• Cumulative Preference Shares

    A type of share that gives its owner the right to receive a set amount of money as a dividend. If this money cannot be paid in time, it must be paid later, and before any money is paid to owners of ordinary shares
  • Custodian

    An organisation which holds client's assets in safe custody, ensures that they are not released without authorisation, and ensures that timely and accurate collection of dividends, and other actions concerning your stock, are undertaken.
  • Daily high

    The highest price reached by a security or index during the day.
  • Daily low

    The lowest price reached by a security or index during the day.
  • Dealer

    Dealers buy and sell securities on behalf of the broking firm (or investment bank).
  • Dealing Limit

    The amount you can trade up to without having to make a payment until the settlement date.
  • Dealing Password

    A password issued by GAM required when placing trades online. If you have lost or forgotten your dealing password, please call us on +350 200 75181 or email gam@gam.gi.
  • Debentures

    A type of long-term bond, taken out by a company, which it agrees to repay at a specified future date. Usually secured against specific assets (mortgage debentures) or through a floating charge on the firm's assets.
  • Debt

    Companies are able to raise money by borrowing money from investors, and promising to pay them back on an agreed date. For the period of time whilst the money is owed, the company will also pay interest to the investor. These agreements are known as bonds, or if they're issued by the UK Government then they're known as gilts.
  • Deferred Shares

    These are a special type of Ordinary Shares, but owners are only given a dividend after all the ordinary dividends have been paid.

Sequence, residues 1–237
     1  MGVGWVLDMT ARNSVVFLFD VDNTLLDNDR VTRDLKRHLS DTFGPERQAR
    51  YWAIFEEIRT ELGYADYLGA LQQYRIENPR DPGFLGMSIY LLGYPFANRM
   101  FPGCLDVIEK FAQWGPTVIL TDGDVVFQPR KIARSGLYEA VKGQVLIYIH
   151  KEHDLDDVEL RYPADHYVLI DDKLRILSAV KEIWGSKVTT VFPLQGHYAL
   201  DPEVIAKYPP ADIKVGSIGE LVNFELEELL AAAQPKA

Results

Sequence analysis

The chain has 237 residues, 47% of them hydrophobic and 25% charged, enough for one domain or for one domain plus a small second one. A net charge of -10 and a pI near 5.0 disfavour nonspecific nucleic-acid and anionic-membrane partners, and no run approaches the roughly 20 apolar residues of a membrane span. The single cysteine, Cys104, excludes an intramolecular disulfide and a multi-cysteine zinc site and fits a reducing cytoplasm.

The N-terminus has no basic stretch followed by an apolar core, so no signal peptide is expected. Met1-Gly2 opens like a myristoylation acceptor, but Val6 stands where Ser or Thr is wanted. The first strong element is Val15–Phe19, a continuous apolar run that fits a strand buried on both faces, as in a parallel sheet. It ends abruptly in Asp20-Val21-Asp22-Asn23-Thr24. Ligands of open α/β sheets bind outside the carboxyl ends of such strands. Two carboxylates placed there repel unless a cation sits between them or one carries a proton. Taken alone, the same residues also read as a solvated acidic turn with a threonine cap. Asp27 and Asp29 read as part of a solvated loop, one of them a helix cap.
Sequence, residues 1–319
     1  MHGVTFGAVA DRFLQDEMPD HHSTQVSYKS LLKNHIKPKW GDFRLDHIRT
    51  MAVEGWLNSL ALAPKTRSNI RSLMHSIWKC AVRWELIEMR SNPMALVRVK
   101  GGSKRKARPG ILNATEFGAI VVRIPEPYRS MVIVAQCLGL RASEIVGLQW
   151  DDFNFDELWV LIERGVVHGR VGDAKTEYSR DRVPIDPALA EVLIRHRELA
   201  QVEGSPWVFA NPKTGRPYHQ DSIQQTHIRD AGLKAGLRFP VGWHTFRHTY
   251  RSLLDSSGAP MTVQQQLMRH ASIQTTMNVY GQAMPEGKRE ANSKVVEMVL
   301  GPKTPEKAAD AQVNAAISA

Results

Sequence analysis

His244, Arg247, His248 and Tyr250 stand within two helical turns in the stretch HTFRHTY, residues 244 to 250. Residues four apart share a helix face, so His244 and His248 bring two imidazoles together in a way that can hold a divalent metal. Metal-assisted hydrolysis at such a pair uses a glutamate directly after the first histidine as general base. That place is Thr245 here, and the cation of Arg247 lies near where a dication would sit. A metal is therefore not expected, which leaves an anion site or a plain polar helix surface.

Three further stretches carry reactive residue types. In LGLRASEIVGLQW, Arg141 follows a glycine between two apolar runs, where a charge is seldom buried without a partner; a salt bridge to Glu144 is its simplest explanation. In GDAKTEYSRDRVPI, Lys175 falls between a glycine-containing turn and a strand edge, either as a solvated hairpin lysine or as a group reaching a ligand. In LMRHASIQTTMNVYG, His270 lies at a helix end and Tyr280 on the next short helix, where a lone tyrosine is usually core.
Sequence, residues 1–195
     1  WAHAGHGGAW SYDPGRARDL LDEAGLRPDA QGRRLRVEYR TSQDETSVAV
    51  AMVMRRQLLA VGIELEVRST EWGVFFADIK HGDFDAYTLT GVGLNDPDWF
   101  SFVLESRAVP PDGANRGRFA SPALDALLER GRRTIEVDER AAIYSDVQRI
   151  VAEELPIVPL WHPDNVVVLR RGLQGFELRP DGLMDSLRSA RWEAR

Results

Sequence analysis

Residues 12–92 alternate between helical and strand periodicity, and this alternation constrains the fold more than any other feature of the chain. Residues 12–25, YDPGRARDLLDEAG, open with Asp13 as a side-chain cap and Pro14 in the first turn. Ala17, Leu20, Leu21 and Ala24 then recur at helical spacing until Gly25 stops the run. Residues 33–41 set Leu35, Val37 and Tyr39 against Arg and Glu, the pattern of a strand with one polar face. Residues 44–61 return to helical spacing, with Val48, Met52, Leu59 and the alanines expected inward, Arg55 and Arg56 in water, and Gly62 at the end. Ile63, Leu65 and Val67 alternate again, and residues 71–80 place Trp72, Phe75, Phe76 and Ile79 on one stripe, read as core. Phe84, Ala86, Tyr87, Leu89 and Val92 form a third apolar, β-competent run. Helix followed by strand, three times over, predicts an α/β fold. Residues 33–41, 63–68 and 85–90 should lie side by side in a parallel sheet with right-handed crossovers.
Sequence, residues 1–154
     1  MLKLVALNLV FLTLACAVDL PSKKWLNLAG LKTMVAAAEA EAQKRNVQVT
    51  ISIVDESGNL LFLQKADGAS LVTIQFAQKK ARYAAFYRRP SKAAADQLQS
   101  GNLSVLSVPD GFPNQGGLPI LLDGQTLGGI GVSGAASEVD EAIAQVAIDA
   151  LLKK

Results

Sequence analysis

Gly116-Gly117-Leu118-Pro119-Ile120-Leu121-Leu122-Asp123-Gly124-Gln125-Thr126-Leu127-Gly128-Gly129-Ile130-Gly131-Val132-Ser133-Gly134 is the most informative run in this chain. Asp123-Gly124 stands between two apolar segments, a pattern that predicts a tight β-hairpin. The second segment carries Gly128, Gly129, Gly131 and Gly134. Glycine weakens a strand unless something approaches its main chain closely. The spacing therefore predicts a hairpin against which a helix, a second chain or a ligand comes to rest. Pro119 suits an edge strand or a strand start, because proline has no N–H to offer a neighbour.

• Dematerialised shares

    These are shares which are held in electronic form rather than certificated form, which makes them easier to buy and sell.
  • Derivatives

    A derivative is an instrument whose value depends on the performance of an underlying asset or security, which may be a commodity or a financial instrument.
  • Dirty Price

    The price of a bond, which includes the accrued interest element.
  • Diversification

    The act of spreading capital across different investments to reduce risk.
  • Dividend

    The way a shareholder receives their share in profits made by the company. The dividend amount is calculated in pence per share and UK dividends are usually paid twice a year; the first one is known as the interim dividend, and the second is known as the final dividend.
  • Dividend Claim

    Should shares in a company be bought for T+10 settlement the day before their Ex-Div Date, the investor is legally entitled to the next dividend payment. However, the shareholder register won't be updated to show this until after the Record Date. This means the dividend payment won't be automatically sent to the purchaser; it will still be sent to the seller, who isn't entitled to it. The money has to be "claimed" from the person who received it, and forwarded on to the purchaser.
  • Dividend Yield